At a packed press conference in San Francisco today, Jim Barksdale, Marc Andreesen and other Netscape Communications Corp. executives previewed their plans for the future and outlined an ambitious strategy for reinventing the software company.
Building on the convergence of the Internet, commerce, and speedy computers, the company is basing its business concept on the emergence of Enterprise Service Providers (ESPs), businesses that supply large-scale Internet applications and solutions, and the “portal,” a digital marketplace and mega-home page.
Netscape sees ESPs and portals converging themselves, and this lies at the heart of the company’s new strategy.
“If it was easy, anyone could do it,” claimed Barksdale, Netscape’s president and CEO, referring to the task of developing tightly-linked online business communities, which the company sees as key to its two strategic business models.
The Internet pioneer has strayed away from the business of selling browsers–it now sees the browser as a tool that can be combined with its back-end software to help Web site visitors work more productively, and help Netscape and its partners build revenue at the same time.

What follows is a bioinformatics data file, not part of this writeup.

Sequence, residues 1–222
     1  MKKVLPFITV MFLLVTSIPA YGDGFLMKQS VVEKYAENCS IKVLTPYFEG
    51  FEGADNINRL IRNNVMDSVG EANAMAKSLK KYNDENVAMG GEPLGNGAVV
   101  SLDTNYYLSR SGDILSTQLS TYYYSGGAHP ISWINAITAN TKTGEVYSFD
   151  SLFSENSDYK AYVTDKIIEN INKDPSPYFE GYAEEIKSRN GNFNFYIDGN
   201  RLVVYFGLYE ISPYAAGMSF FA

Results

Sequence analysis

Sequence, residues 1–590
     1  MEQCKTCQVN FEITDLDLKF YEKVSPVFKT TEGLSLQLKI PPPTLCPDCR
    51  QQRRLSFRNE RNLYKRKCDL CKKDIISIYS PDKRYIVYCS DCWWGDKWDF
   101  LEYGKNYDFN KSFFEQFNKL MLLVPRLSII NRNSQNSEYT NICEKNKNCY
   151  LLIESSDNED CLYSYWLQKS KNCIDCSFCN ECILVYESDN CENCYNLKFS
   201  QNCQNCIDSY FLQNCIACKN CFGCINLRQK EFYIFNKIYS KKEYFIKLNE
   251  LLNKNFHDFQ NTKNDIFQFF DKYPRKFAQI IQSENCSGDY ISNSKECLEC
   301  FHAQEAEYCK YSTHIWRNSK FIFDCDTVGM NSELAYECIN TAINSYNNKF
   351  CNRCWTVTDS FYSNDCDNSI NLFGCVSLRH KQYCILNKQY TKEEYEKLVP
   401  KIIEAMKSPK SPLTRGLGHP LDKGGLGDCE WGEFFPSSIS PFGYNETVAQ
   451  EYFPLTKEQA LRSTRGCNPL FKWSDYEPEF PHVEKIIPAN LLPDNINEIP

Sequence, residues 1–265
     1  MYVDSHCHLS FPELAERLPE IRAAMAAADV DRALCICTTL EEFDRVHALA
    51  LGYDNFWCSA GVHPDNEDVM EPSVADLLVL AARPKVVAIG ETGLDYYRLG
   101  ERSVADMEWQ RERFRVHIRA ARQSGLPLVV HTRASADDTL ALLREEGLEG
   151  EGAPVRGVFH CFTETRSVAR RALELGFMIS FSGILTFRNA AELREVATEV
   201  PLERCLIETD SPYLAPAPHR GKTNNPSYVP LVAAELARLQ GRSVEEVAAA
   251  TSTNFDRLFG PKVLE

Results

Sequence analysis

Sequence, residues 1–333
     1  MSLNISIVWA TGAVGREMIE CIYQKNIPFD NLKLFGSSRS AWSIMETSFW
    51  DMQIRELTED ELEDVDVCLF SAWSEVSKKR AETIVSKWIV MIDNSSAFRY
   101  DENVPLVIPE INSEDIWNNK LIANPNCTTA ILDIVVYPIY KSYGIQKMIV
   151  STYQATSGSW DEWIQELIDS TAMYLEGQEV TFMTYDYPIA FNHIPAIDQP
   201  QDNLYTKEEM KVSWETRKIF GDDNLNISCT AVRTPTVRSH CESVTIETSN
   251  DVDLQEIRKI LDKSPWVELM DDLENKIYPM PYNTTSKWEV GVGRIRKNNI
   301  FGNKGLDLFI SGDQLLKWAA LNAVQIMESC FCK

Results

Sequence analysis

While the company’s original strategy was to basically try to build and sell “everything,” now Netscape’s focus will be on sales to large-scale direct customers, Internet service providers, and value-added networks.
Andreesen envisions small businesses working with these kinds of companies in the future, and Netscape’s role will be to commerce-enable their own customers who will in turn set up the infrastructure for the worldwide Internet economy.
Netscape also previewed plans today for the introduction of Netcenter 2.0, the next generation of its portal that will feature new value-added services designed to keep bringing people back to the site.
The company said it expects to take over as the leading Internet portal player by the year 2000.